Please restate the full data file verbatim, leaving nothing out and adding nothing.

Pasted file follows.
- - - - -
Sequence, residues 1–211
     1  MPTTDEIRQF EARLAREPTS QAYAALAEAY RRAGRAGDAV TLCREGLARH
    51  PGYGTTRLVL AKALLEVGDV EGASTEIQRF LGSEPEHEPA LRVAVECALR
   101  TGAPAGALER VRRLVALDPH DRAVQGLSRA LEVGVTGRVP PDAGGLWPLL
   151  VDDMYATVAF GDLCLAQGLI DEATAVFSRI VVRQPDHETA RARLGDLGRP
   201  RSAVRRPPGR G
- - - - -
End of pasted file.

Sequence, residues 1–211
     1  MPTTDEIRQF EARLAREPTS QAYAALAEAY RRAGRAGDAV TLCREGLARH
    51  PGYGTTRLVL AKALLEVGDV EGASTEIQRF LGSEPEHEPA LRVAVECALR
   101  TGAPAGALER VRRLVALDPH DRAVQGLSRA LEVGVTGRVP PDAGGLWPLL
   151  VDDMYATVAF GDLCLAQGLI DEATAVFSRI VVRQPDHETA RARLGDLGRP
   201  RSAVRRPPGR G